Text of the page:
Patricia Marjorie Ralph was born in Wellington on 5 April 1920, the daughter of Clarence John Ralph, an electrical engineer, and his wife, Elin Elfie Jacobson. She attended Brooklyn School then Wellington Girls’ College, where she won several prizes in scripture knowledge and was made a prefect in her final year.
In 1938 Pat Ralph entered Victoria University College. She graduated BSc in 1941 and MSc (with a thesis on sea slugs) in 1943, when she also became a demonstrator in the biology department. In 1945 she was appointed a junior lecturer and in 1949 received a tenured position. By then the department had been split into the departments of zoology and botany; Ralph taught in zoology, continuing her specialisation in invertebrates.
In 1947 she conducted a party of science students to the United States and Canada. Focusing on visits to marine laboratories, they saw apparatus not yet used in New Zealand, such as the electron microscope and the cyclotron. With a Nuffield travelling scholarship Ralph visited England in 1958–59, continuing with her work in marine biology. She was made a senior lecturer in zoology in 1959 and a reader in 1967, becoming the first woman to hold such a position in the science faculty at Victoria.
Ralph specialised in marine hydroids, which before she began publishing were little studied in New Zealand; she published five seminal papers on the thecate hydroids of New Zealand between 1957 and 1961. Her pioneering work won worldwide recognition and in 1962 she received the rarely given DSc; she was the first woman on the staff of Victoria to receive the degree. The following year she and J. A. F. Garrick of the zoology department attended the International Congress of Zoology in Washington, representing Victoria University. She then visited various laboratories in order to compare their cubomedusan jellyfish collections.
Pat Ralph was an exceptionally gifted teacher: energetic, innovative and warmly encouraging to students, with whom she was very popular; some went on to publish in marine biology. She was particularly interested in the welfare of women students. She had a strong practical streak, and was skilful in the use of teaching aids, making slides for students and writing booklets to help them with their laboratory work. Ralph frequently went out into Wellington Harbour and Cook Strait in the university boat in search of suitable specimens. She was involved in the formation of the Victoria University College Biology Society and in its journal, Tuatara. When the new Kirk Building was planned, she was actively involved in the planning of the laboratories and in the design of the windows, and recorded the construction of the building on film.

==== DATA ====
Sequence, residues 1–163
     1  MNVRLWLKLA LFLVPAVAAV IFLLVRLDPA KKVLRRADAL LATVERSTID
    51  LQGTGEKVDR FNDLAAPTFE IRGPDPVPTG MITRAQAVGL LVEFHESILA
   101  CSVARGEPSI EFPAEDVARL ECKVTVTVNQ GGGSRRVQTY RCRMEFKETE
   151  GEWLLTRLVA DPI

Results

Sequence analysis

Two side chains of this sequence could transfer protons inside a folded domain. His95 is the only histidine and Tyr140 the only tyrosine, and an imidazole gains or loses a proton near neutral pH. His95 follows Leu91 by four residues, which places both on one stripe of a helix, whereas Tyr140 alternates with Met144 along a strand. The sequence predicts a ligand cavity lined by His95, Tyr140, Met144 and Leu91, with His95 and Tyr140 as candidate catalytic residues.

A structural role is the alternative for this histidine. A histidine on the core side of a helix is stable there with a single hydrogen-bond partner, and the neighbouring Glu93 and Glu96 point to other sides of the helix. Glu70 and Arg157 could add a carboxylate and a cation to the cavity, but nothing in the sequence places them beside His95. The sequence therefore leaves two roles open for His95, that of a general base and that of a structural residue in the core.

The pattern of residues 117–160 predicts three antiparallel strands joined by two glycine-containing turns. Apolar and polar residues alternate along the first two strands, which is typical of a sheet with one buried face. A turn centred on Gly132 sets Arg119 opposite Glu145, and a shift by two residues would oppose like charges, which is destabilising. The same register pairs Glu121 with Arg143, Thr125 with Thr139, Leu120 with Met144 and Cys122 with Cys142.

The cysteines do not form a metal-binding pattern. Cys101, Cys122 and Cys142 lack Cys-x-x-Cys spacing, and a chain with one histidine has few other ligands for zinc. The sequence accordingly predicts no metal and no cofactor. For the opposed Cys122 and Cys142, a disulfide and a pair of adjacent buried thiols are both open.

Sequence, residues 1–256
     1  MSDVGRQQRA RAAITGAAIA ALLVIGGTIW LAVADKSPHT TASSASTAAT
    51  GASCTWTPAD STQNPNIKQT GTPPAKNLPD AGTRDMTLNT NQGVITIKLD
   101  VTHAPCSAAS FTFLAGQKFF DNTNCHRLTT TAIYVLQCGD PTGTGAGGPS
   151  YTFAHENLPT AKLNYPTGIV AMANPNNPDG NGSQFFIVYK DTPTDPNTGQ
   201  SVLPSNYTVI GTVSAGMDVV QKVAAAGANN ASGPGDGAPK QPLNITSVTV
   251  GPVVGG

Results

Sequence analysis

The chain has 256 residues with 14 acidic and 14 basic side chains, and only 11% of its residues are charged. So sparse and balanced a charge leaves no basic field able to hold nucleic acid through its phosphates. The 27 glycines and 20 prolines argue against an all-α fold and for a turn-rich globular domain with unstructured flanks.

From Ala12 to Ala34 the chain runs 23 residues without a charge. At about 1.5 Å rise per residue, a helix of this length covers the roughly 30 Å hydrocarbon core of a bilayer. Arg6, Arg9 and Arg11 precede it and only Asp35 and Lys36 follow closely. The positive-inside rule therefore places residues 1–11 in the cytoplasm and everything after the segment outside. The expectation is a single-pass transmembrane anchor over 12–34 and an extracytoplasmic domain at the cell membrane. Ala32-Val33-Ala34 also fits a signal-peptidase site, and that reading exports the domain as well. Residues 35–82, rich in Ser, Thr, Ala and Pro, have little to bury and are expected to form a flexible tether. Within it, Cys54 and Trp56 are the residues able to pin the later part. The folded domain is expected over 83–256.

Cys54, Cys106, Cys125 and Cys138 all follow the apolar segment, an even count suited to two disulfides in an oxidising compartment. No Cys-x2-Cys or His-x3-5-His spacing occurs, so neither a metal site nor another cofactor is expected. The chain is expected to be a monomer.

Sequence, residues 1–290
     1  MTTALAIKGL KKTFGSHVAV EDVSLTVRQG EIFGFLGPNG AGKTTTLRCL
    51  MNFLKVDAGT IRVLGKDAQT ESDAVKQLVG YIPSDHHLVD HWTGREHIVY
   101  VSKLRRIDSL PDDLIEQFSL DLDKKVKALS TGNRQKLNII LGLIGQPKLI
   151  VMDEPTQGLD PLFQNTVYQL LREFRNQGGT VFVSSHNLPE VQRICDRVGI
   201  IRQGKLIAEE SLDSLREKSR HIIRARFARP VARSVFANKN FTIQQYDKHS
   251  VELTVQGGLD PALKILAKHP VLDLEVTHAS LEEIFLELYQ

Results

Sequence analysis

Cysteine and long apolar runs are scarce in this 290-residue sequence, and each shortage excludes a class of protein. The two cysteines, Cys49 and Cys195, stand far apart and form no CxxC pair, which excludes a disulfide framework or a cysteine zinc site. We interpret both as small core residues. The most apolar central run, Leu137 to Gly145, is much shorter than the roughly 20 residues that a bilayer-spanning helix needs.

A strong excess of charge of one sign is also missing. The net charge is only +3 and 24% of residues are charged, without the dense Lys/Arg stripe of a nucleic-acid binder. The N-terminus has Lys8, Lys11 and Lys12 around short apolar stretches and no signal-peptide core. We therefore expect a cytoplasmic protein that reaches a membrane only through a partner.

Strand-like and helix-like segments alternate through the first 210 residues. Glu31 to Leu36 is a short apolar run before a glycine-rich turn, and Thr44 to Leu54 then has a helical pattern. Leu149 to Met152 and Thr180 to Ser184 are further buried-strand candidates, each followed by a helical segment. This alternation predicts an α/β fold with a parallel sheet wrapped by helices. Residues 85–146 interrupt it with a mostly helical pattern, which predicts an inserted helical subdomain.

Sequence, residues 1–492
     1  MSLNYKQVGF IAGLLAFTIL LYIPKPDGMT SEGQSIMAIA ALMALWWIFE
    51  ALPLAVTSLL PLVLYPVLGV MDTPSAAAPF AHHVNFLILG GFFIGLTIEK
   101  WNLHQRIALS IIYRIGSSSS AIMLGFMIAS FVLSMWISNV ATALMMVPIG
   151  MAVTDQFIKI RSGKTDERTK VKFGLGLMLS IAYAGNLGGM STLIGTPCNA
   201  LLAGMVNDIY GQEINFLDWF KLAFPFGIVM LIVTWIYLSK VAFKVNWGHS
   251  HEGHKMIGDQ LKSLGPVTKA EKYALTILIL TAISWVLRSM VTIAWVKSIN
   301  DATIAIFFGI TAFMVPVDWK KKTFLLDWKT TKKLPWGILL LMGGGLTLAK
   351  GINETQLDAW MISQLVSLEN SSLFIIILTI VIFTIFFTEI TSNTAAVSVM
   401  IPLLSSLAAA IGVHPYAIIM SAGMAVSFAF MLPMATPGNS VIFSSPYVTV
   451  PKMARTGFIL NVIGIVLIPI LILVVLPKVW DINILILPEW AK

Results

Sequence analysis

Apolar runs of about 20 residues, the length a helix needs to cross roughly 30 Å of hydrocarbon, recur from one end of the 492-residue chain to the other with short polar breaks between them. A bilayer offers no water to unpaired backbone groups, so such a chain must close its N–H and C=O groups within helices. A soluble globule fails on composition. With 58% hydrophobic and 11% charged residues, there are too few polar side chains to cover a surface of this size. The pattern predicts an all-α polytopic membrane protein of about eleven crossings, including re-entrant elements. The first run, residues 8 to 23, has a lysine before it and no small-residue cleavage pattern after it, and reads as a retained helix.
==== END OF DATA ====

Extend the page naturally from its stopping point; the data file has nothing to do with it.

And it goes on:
In 1971 Ralph took early retirement after her mother became ill. She was invited to return to work when her mother died not long afterwards, but declined. Instead she tried to establish a business providing scientific slides and specimens to schools, but the venture proved difficult to sustain.
Ralph was an active member of the Wellington branch of the New Zealand Federation of University Women and for years convened its academic dress committee. She was brought up in the Methodist church and retained her religious faith throughout her life. When there was a shortage of ministers in her area she undertook to visit the sick and dying. She never married and in the early 1980s moved to Paraparaumu, where she died on 23 March 1995.
In honour of Pat Ralph’s outstanding contribution to marine biology two new species of coral were named after her: Sphenotrochus ralphae and Caryophyllia ralphae. Her work was all the more remarkable in that it was done at a time when New Zealand scientists worked in relative isolation from the rest of the scientific community. A quiet, modest woman, she was highly regarded overseas, and in New Zealand was valued by her colleagues and students for her integrity and helpfulness.